As a trial period continues for a Smart Grid power system in town, Idaho Falls Power has been hosting open houses to address neighborhood concerns.
The company is planning a transition to a system where energy consumption would be reported directly to the power company from customer homes.
On Tuesday night, medical experts addressed concerns about the radio frequency emissions from Smart Grid meters.
“It's this meter that communicates back to us,” said Idaho Falls Power assistant general manager Bear Prairie.
Prairie said the Tuesday night meeting was about putting Smart Grid technology into context.
“Are all radio frequencies harmless?” said Prairie. “Are they all harmful?”
Questions about the health of the radio frequency emitting Smart Grid meters has been in the air as an estimated 900 trial period meters are deployed throughout Idaho Falls.
Prairie said medical experts and radio frequency experts will use the Tuesday night meeting to compare and contrast the emissions from smart meters with common applications already in use.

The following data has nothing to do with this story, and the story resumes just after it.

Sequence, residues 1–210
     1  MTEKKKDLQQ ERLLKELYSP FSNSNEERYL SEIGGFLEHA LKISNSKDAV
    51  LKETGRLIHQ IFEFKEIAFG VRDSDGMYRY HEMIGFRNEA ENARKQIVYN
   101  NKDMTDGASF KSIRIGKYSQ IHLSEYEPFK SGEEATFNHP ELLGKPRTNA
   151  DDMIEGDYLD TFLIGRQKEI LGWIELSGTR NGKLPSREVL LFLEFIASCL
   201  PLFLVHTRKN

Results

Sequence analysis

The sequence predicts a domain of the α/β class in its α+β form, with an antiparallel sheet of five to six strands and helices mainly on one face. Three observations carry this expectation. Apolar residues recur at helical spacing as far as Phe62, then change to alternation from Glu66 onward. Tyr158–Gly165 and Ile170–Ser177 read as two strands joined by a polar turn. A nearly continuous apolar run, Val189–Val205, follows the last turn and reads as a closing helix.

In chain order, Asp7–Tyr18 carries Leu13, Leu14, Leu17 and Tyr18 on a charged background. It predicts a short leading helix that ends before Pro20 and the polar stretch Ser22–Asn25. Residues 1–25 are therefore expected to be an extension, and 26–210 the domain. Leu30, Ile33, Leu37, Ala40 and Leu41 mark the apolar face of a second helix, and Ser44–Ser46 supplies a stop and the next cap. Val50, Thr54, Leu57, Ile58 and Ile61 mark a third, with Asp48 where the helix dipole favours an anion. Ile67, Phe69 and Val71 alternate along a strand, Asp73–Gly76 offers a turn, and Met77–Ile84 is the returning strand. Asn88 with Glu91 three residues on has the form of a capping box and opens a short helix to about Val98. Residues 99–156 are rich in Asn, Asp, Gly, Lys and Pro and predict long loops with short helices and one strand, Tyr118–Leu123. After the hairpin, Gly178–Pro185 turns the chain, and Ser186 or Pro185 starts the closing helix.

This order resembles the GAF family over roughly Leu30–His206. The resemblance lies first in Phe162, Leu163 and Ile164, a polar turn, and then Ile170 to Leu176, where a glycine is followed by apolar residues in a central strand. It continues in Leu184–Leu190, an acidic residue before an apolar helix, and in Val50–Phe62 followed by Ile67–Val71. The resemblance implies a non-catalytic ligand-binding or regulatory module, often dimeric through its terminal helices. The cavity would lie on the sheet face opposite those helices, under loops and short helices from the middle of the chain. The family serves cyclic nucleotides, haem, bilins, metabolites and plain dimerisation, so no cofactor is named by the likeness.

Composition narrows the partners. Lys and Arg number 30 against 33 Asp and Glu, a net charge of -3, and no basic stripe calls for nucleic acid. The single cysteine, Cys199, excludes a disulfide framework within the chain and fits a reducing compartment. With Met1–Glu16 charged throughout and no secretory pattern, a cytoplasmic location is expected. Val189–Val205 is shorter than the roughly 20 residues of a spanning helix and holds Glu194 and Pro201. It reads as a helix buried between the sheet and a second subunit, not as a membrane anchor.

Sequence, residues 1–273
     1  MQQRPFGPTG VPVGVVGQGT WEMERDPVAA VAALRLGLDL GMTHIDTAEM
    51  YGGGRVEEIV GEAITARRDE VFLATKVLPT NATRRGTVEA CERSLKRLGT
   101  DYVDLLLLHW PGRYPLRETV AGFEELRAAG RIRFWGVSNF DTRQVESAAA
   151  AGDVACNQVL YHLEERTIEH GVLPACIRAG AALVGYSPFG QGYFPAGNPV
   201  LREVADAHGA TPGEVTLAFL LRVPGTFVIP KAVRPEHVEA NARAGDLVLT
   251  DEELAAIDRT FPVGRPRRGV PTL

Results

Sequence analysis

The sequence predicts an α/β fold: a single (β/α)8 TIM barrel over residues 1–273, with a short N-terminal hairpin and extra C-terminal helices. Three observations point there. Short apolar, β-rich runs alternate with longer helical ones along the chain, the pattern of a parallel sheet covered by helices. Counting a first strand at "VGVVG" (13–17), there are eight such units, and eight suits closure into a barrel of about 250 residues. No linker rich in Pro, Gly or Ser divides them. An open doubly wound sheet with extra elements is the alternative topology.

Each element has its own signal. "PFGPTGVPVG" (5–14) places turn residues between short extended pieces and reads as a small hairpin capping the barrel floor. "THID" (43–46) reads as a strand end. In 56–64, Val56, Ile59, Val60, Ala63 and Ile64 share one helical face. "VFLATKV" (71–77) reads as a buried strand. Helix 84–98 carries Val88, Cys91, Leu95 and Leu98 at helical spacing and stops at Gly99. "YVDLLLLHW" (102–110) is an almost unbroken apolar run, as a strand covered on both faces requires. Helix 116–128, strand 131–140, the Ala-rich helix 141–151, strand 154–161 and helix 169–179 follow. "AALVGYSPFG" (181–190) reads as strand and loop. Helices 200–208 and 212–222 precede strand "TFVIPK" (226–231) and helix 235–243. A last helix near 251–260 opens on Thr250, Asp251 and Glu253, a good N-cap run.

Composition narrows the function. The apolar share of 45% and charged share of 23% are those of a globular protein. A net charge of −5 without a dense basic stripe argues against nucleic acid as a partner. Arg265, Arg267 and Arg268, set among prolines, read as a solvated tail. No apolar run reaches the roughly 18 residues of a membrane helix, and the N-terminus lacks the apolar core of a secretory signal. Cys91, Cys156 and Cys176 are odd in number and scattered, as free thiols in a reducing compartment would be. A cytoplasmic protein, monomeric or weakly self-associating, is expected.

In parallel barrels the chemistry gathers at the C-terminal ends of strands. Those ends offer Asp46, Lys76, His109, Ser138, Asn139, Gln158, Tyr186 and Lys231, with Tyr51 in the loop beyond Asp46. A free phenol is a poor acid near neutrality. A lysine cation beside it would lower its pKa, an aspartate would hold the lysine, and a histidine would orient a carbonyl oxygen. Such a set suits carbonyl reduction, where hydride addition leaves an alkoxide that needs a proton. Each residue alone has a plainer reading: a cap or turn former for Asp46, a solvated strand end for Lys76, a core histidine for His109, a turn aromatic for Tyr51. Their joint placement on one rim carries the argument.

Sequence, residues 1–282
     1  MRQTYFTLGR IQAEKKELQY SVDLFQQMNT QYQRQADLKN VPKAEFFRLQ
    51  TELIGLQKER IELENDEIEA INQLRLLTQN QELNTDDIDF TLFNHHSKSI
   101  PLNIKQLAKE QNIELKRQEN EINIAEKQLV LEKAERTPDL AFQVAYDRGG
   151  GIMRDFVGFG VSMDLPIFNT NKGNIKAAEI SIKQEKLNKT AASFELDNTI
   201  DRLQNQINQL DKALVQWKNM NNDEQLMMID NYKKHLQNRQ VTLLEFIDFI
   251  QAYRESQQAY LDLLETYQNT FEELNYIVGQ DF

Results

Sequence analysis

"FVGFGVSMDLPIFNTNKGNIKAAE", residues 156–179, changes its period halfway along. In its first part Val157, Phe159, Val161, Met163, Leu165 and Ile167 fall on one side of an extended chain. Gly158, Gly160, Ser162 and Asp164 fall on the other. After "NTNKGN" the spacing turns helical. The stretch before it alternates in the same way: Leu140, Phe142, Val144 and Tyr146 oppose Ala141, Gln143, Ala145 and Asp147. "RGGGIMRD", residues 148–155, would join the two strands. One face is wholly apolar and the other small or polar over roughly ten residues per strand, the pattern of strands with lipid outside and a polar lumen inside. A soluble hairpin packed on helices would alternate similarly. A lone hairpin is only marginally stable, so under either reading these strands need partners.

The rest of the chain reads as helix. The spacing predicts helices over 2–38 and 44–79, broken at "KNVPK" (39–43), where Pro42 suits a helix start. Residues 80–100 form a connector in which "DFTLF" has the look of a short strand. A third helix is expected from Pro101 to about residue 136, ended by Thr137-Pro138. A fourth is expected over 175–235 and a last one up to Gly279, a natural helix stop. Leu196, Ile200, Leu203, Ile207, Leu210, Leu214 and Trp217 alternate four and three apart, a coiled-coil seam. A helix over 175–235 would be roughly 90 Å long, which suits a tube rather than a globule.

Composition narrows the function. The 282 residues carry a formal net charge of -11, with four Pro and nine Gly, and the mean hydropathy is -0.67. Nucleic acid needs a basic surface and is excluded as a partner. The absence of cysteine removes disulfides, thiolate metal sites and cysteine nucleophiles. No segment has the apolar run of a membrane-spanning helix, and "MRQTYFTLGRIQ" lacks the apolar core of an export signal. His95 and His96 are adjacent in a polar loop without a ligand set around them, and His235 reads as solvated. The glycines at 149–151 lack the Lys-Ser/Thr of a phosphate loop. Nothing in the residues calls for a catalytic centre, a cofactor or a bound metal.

“Wi-Fi routers, baby monitors, a host of different things we're operating in our daily environment,” said Prairie.
A pamphlet handed out at the meeting showed an individual would have to be exposed to the emissions from a smart meter for 375 years to equal the dose from just one year of cell phone use at 15 minutes per day.
But a group of Idaho Falls neighbors opposed to Smart Grid technology passed out their own literature at the meeting.
They said there is no definitive proof the meters are safe.
“They are gentlemen who've been paid to come and propagandize the people of Idaho Falls that smart meters are good,” said Don Shanz, who is a member of the group A5.
The full name of the group is the American Alliance for Advancing Awareness and Action.
The pamphlet passed out at the meeting detailed concerns about cost, privacy, security, health and constitutional violations.
The A5 group will hold their own meeting Feb. 28 at 7 p.m. at Linden Park Elementary School in Idaho Falls